At the Left Bank Bordeaux Cup’s Asia competition, which was held at the Grand Hyatt, in Wan Chai, in February, the coach of the Hong Kong University of Science and Technology (HKUST) team asked me to give his group a pep talk ahead of the blind tasting. The team went on to win the contest and will be heading to Bordeaux, France, in June for the world final to compete against teams from Yale, Cornell, Harvard, Cambridge and other illustrious universities.
The competition started as a way to introduce a new generation to the wines of Bordeaux. In each city where the competition is held, it is sponsored by the local chapter of the Commanderie de Bordeaux, which can be traced to the Middle Agesand upholds industry traditions while promoting the wines of Bordeaux.
In Hong Kong, members of the Commanderie de Bordeaux volunteer their time at their alma mater’s wine club. Prospective student candidates are invited to join the wine club at the beginning of the school year, and those who show the most promise are chosen to participate in the Hong Kong round of the Bordeaux Cup. This year, five institutions took part: Chinese University, City University, Baptist University, the Hong Kong Institute of Vocational Education and HKUST. The chosen students, in addition to juggling their normal course loads, must also find the time to attend a weekly wine tutorial.
The competition tests candidates in a number of areas – an in-depth knowledge of Bordeaux and Sauternes is key, as are the minutiae of who’s who at each chateau, its labels and grapes. The area where the most expertise is needed, however, is the blind tasting.
Ahead of the final, I volunteered to help the HKUST team better prepare for the blind tastings. Before joining the school’s wine club, the students had been just occasional wine drinkers. They learned a lot in the few months they gathered to taste wines, but it was time to buckle down and fine-tune their palates.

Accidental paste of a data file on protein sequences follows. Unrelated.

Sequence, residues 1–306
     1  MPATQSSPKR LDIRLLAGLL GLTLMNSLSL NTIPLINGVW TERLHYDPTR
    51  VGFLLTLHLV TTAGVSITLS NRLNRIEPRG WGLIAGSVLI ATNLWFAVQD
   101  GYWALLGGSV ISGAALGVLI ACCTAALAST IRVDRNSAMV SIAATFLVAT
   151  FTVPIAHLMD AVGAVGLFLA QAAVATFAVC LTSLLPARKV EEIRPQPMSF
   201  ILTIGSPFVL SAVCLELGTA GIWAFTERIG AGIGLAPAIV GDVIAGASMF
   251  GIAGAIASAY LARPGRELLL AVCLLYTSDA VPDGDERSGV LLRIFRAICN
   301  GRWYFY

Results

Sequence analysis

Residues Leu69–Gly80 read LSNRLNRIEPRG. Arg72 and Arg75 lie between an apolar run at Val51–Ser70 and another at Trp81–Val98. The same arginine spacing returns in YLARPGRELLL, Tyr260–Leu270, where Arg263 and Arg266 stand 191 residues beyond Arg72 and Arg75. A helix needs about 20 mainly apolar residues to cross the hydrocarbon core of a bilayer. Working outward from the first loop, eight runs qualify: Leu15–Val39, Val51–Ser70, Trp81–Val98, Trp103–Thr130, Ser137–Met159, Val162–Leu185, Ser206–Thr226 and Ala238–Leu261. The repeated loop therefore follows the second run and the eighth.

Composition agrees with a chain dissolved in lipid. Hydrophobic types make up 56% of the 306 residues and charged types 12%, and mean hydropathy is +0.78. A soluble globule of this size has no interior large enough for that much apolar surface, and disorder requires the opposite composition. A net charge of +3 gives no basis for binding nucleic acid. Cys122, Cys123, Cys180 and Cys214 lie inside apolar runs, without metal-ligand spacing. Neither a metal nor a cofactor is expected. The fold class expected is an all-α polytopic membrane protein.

We started with the basics, by tasting blind the major grapes of Bordeaux – cabernet sauvignon, cabernet franc, merlot and petit verdot. I threw in one more grape – carménère, which still exists in minute quantities in Bordeaux. In the beginning, the students struggled to identify the grapes but after profiling the flavours of each, they were better able to distinguish them.
The next exercise was to play winemaker. Referencing what each chateau grows in its vineyards, I took the percentages of what was planted then applied that ratio to the varietals we had on hand and blended them together. It was eye-opening to see how the grapes interact with each other to form different palate impressions.
It was interesting to discover how a small amount of petit verdot (a difficult grape to find on its own) influences a wine. With my home-blended Château Palmer (Margaux), which had 6 per cent petit verdot and 47 per cent each of cabernet sauvignon and merlot planted, we found the wine had pleasantly plummy black fruit with a touch of dark chocolate on the finish.
Our home-made Montrose (St Estephe), with 2 per cent petit verdot, 60 per cent cabernet sauvignon, 32 per cent merlot and 6 per cent cabernet franc, was completely different – more tannic, slightly dried red berry fruit, with a bit of chalkiness on the finish. But is this due to the cabernet franc or the cabernet sauvignon? We retasted the grapes on their own and found that the cabernet sauvignon provides the tannin factor and the cabernet franc the chalk.
The final will be held at Château Lafite Rothschild, which has a history going back to 1234. Fingers crossed the celebrated surroundings will not distract the Hong Kong team.